A single homeowner on service pension has $558,000 in assets. Their rate of pension under the assets test would equal $327.95 a fortnight.
If the same person was a non-homeowner their rate of pension would equal $1,053.95 a fortnight.
For more information on how the assets test works, refer to Assets Test.Back to top
What happens if I leave my home to enter care?
If you vacate your home because you are entering a care situation, your home may continue to be regarded as your principal home for a period of up to two years and, for that period, is not counted as an asset.
Your home also remains exempt if your partner is living in the principal home. When your partner vacates the home to enter care, or if they pass away, the two year exemption period will start from the day your partner leaves the home.
If your former home is sold during the two year exemption period after entering care, your principal home exemption ceases and you will be considered a non-homeowner. This applies even if another house is purchased with the sale proceeds.Back to top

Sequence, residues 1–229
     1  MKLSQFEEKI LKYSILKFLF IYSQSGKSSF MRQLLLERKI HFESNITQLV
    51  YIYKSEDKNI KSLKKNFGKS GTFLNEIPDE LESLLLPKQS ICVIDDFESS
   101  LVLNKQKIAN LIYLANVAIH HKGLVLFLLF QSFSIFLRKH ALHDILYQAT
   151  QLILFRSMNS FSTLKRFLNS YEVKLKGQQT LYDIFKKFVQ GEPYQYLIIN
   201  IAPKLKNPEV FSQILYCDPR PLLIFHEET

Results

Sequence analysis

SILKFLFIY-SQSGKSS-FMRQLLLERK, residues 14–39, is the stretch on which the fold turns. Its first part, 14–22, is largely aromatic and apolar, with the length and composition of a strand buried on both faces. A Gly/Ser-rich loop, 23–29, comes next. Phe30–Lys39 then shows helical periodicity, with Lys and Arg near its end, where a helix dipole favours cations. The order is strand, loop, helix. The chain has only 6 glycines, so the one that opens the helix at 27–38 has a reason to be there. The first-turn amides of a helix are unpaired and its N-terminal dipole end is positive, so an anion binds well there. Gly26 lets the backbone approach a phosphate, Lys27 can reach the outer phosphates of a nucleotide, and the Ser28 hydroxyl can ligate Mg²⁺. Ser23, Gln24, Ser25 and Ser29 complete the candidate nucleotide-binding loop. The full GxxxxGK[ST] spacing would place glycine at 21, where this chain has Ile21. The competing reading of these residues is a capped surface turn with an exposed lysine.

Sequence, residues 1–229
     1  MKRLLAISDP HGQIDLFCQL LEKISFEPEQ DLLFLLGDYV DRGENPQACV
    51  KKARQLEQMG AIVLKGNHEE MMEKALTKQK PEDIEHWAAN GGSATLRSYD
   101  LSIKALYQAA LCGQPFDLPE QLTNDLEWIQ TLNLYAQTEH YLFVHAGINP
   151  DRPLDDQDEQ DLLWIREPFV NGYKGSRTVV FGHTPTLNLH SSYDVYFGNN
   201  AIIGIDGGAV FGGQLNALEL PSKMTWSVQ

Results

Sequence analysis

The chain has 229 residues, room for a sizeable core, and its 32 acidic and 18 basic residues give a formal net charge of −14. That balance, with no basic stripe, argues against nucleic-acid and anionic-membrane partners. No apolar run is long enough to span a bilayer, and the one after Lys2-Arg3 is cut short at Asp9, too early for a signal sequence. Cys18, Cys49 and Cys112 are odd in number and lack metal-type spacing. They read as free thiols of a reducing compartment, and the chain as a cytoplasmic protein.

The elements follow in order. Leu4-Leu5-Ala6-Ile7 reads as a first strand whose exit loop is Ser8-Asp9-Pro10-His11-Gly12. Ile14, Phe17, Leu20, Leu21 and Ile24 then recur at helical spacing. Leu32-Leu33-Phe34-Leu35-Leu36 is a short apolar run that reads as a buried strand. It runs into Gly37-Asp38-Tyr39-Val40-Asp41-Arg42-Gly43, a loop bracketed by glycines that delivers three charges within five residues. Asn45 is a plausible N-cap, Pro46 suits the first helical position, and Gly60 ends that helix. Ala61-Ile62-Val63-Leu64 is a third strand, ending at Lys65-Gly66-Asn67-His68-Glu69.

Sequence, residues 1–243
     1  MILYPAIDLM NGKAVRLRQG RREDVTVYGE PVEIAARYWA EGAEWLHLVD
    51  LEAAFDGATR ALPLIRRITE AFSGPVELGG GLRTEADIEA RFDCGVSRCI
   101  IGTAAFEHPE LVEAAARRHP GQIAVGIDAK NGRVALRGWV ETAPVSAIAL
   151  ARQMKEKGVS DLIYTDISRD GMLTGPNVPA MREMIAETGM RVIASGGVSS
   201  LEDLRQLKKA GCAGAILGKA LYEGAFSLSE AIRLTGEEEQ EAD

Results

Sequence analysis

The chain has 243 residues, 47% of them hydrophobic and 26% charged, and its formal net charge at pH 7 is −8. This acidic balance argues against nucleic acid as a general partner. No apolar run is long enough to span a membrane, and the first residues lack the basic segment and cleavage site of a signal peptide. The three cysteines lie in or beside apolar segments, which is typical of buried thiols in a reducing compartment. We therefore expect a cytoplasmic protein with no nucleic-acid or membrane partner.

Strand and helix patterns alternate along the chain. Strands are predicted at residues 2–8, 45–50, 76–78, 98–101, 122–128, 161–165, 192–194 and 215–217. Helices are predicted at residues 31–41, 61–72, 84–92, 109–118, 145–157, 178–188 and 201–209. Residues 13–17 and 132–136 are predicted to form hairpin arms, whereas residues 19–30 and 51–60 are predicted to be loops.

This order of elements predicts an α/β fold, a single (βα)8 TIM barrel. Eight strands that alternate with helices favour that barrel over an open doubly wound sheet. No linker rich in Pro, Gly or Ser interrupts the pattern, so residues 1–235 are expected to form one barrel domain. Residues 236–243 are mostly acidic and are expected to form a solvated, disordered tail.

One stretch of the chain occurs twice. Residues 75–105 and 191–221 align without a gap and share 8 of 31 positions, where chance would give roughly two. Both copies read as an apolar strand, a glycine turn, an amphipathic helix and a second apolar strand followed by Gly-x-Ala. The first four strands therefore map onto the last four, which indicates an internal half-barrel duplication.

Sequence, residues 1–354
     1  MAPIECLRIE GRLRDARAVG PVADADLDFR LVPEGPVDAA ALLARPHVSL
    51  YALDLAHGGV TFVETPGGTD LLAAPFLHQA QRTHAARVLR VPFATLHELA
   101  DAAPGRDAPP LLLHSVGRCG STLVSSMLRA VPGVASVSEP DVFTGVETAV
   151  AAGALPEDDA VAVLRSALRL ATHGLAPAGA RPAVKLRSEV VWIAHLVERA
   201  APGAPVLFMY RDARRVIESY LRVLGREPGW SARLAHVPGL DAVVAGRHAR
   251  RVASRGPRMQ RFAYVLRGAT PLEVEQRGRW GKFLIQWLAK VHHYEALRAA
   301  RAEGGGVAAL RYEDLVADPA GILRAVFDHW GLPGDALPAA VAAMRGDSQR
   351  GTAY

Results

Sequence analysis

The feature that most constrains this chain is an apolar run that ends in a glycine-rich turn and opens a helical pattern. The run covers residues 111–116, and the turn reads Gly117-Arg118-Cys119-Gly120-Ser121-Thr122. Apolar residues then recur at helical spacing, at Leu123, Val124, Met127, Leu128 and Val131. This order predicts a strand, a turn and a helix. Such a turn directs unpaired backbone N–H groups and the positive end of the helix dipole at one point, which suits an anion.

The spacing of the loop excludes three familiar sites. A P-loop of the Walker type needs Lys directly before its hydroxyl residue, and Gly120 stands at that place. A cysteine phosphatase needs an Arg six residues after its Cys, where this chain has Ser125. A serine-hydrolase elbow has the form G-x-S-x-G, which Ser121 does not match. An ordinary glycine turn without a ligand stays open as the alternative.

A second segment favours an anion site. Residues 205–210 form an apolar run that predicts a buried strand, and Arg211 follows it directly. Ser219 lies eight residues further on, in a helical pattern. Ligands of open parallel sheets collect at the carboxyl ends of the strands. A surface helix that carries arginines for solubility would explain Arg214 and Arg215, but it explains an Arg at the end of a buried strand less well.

What happens if I care for another person?
If you are absent from your home because you are personally providing community-based care for another person, your home continues to be regarded as your principal home for up to two years, and is not counted as an asset.Back to top
What happens if I rent out my home while I am in care?
Special rules apply if you are in care and you:
- entered care before 1 January 2017;
- are paying a daily accommodation payment, a daily accommodation contribution, an accommodation charge, or an accommodation bond wholly or partly by periodic payments; and
- are renting out the former home.
The rental income and the value of your former home are not counted in working out the rate of your pension or payment for as long as the above conditions are met. If any of these circumstances change, you must notify the Department within 14 days.
The exemptions do not apply if the accommodation costs are paid by lump sum only or if you entered care on or after 1 January 2017.Back to top
How does selling my home affect my pension or payment?
If you sell your home, you will need to tell us what you intend to do with the money from the sale.
If you intend to buy a new home within 24 months, then the portion of the sale proceeds that will be put towards the purchase of the new home will be exempted under the assets test for up to 24 months. Deemed income on the proceeds will be included in your assessment. The proceeds will become assessable under the assets test at the end of the 24 months exemption or when the home is acquired, whichever happens first.